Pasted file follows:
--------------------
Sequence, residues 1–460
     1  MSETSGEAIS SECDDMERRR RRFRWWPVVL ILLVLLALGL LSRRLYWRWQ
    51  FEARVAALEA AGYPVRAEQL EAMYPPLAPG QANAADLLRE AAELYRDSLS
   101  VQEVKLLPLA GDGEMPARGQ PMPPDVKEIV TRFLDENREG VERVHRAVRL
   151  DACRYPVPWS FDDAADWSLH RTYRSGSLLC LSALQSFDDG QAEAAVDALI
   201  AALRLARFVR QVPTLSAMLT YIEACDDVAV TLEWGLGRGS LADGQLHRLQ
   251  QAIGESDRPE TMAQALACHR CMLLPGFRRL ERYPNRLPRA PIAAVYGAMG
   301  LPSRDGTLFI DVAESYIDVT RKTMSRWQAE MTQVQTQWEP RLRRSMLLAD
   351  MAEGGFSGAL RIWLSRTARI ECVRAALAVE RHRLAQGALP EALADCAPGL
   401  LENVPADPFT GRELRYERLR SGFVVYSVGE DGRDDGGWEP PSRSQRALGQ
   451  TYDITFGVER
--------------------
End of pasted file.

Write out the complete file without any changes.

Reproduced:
Sequence, residues 1–460
     1  MSETSGEAIS SECDDMERRR RRFRWWPVVL ILLVLLALGL LSRRLYWRWQ
    51  FEARVAALEA AGYPVRAEQL EAMYPPLAPG QANAADLLRE AAELYRDSLS
   101  VQEVKLLPLA GDGEMPARGQ PMPPDVKEIV TRFLDENREG VERVHRAVRL
   151  DACRYPVPWS FDDAADWSLH RTYRSGSLLC LSALQSFDDG QAEAAVDALI
   201  AALRLARFVR QVPTLSAMLT YIEACDDVAV TLEWGLGRGS LADGQLHRLQ
   251  QAIGESDRPE TMAQALACHR CMLLPGFRRL ERYPNRLPRA PIAAVYGAMG
   301  LPSRDGTLFI DVAESYIDVT RKTMSRWQAE MTQVQTQWEP RLRRSMLLAD
   351  MAEGGFSGAL RIWLSRTARI ECVRAALAVE RHRLAQGALP EALADCAPGL
   401  LENVPADPFT GRELRYERLR SGFVVYSVGE DGRDDGGWEP PSRSQRALGQ
   451  TYDITFGVER